Image_1_Estradiol-Mediated Axogenesis of Hypothalamic Neurons Requires ERK1/2 and Ryanodine Receptors-Dependent Intracellular Ca2+ Rise in Male Rats.TIF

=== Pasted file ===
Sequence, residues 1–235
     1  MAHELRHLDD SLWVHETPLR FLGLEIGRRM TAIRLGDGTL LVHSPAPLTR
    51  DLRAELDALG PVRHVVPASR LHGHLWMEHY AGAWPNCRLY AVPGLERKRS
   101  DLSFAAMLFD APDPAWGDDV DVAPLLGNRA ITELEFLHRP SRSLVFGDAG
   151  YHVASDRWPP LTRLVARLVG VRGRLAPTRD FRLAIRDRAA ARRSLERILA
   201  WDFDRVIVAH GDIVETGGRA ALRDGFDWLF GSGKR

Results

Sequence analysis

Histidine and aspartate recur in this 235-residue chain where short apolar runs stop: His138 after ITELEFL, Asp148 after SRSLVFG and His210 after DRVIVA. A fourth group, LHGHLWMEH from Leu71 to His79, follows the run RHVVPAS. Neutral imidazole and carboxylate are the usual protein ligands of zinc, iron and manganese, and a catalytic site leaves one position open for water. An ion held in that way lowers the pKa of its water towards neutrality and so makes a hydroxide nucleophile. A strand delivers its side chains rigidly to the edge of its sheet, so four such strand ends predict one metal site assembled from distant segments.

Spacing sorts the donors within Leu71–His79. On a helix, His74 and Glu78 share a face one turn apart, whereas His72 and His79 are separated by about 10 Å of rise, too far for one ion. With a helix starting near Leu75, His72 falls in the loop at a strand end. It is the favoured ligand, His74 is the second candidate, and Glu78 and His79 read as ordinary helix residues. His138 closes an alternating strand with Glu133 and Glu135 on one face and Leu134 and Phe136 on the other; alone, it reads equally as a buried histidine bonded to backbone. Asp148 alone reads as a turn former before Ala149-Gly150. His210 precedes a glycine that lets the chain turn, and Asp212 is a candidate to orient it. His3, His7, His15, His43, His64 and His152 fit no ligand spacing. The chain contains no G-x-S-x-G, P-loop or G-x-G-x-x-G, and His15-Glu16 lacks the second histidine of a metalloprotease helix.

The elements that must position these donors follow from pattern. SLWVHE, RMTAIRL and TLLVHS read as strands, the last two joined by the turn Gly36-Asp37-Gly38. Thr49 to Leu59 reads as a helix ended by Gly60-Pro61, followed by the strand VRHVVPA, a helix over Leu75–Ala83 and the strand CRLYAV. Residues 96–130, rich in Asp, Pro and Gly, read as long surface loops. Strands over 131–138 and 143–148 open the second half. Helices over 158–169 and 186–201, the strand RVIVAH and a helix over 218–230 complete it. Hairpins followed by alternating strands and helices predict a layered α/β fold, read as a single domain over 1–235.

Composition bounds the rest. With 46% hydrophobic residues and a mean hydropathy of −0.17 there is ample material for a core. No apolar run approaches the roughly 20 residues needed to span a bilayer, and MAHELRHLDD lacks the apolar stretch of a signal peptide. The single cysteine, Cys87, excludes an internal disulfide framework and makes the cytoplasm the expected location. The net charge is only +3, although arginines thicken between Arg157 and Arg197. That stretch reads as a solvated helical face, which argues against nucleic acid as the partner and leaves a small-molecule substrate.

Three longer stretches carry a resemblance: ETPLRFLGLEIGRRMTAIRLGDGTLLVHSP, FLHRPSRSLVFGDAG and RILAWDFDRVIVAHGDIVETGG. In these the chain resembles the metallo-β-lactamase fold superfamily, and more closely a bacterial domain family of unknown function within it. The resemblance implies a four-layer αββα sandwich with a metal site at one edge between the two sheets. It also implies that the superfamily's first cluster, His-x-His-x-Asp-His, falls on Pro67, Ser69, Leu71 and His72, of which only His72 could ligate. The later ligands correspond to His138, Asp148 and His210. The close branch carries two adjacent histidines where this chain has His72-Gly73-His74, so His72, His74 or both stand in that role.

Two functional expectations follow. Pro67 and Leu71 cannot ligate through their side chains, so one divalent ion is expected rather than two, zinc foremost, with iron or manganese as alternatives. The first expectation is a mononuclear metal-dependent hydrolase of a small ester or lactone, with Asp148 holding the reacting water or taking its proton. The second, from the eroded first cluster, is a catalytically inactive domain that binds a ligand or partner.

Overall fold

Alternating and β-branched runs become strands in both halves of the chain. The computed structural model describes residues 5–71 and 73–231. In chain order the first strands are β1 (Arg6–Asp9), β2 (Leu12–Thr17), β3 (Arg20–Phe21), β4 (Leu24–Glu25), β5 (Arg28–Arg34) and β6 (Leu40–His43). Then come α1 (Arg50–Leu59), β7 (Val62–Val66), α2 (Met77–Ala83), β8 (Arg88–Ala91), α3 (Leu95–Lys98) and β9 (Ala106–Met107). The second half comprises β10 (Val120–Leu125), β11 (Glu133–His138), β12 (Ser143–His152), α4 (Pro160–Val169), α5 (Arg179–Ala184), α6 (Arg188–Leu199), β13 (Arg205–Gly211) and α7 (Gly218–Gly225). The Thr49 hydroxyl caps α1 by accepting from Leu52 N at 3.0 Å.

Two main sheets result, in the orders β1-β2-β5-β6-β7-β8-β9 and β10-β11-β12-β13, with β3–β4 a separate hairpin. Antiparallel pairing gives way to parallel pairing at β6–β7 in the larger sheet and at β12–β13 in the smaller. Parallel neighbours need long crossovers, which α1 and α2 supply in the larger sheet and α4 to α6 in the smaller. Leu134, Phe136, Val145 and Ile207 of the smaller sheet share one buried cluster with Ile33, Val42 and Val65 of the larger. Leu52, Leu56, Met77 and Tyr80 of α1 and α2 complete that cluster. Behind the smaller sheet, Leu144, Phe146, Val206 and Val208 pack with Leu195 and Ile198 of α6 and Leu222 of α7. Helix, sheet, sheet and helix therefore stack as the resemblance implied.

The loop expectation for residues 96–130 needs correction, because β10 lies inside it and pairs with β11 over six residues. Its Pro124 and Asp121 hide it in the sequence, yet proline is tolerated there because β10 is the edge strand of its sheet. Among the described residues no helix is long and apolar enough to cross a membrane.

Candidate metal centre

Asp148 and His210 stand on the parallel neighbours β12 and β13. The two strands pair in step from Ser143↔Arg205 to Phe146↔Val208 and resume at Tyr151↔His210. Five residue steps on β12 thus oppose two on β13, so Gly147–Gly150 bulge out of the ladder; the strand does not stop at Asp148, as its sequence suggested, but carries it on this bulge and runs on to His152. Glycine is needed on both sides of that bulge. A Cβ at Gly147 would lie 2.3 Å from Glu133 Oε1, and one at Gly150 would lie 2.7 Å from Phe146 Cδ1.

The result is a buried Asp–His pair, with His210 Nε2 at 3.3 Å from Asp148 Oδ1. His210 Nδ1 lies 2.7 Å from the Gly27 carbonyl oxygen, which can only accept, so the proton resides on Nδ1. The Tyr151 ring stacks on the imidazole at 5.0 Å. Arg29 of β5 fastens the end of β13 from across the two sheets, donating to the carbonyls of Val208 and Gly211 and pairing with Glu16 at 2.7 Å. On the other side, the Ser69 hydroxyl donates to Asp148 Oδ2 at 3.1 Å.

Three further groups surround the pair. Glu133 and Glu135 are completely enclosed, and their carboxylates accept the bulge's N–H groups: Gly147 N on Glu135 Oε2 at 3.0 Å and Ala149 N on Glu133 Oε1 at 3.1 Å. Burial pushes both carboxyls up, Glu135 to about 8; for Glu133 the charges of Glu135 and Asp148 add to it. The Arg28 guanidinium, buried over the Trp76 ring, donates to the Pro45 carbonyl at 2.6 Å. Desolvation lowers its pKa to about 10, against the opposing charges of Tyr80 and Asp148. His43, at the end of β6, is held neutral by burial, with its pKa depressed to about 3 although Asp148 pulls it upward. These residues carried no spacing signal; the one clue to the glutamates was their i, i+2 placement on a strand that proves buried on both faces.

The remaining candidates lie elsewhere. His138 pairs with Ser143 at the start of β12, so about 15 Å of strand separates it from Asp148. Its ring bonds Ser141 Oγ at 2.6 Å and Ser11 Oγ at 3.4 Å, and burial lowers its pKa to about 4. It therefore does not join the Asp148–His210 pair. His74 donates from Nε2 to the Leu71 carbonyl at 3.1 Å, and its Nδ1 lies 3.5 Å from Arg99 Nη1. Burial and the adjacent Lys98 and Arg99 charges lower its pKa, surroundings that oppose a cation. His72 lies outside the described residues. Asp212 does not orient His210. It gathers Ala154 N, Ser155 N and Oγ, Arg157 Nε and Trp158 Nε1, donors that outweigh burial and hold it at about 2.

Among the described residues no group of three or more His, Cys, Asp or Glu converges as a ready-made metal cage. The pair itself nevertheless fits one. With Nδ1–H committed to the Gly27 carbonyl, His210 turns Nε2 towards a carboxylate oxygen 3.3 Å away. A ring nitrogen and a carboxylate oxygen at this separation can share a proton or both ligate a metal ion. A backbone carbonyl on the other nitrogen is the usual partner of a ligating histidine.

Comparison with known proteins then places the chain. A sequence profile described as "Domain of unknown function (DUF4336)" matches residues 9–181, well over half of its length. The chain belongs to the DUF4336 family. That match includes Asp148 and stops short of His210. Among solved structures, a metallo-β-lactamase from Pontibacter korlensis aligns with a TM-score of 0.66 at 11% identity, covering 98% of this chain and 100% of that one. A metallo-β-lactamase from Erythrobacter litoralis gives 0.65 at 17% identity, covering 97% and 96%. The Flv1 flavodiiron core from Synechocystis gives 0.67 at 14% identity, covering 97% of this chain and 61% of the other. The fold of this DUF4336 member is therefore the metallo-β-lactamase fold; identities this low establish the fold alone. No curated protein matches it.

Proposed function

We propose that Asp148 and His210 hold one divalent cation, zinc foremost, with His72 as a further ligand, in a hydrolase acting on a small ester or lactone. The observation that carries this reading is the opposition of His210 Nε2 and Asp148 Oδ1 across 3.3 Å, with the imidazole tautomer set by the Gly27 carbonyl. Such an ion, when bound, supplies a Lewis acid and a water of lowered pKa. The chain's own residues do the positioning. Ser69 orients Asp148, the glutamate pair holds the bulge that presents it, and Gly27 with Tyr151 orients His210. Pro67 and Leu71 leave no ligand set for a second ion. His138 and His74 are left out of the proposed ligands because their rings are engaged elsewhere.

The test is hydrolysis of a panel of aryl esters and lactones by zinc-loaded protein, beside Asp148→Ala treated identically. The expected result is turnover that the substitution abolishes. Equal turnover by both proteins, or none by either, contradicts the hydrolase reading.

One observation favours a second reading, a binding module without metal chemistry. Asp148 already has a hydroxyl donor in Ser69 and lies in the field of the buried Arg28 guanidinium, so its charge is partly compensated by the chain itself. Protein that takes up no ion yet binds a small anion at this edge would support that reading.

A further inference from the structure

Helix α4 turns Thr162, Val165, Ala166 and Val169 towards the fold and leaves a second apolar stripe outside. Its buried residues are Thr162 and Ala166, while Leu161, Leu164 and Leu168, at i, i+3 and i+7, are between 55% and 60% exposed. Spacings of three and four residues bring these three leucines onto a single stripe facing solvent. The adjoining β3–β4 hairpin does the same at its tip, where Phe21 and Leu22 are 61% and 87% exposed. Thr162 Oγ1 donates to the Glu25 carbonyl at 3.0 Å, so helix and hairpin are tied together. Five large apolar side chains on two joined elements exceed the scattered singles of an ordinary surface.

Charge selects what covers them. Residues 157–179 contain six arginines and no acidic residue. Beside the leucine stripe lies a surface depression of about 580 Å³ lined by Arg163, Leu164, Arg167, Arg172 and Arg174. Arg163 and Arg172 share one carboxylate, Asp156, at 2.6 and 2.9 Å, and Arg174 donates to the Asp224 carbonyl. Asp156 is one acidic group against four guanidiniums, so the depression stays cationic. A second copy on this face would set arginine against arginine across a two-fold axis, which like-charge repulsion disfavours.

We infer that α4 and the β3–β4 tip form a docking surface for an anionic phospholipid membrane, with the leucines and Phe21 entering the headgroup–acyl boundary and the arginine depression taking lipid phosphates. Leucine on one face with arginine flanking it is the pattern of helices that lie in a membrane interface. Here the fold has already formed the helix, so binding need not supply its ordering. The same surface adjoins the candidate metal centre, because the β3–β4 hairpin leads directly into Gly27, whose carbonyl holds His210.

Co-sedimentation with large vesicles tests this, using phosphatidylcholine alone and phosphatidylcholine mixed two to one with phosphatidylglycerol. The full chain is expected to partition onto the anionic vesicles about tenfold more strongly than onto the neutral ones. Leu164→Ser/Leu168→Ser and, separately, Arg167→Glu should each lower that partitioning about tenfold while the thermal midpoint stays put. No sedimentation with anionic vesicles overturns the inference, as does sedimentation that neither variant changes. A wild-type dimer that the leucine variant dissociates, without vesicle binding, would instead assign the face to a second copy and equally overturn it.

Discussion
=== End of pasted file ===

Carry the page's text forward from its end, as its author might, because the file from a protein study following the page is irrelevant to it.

17β-estradiol (E2) induces axonal growth through extracellular signal-regulated kinase 1 and 2 (ERK1/2)-MAPK cascade in hypothalamic neurons of male rat embryos in vitro, but the mechanism that initiates these events is poorly understood. This study reports the intracellular Ca2+ increase that participates in the activation of ERK1/2 and axogenesis induced by E2. Hypothalamic neuron cultures were established from 16-day-old male rat embryos and fed with astroglia-conditioned media for 48 h. E2-induced ERK phosphorylation was completely abolished by a ryanodine receptor (RyR) inhibitor (ryanodine) and partially attenuated by an L-type voltage-gated Ca2+ channel (L-VGCC) blocker (nifedipine), an inositol-1,4,5-trisphosphate receptor (IP3R) inhibitor (2-APB), and a phospholipase C (PLC) inhibitor (U-73122). We also conducted Ca2+ imaging recording using primary cultured neurons. The results show that E2 rapidly induces an increase in cytosolic Ca2+, which often occurs in repetitive Ca2+ oscillations. This response was not observed in the absence of extracellular Ca2+ or with inhibitory ryanodine and was markedly reduced by nifedipine. E2-induced axonal growth was completely inhibited by ryanodine. In summary, the results suggest that Ca2+ mobilization from extracellular space as well as from the endoplasmic reticulum is necessary for E2-induced ERK1/2 activation and axogenesis. Understanding the mechanisms of brain estrogenic actions might contribute to develop novel estrogen-based therapies for neurodegenerative diseases.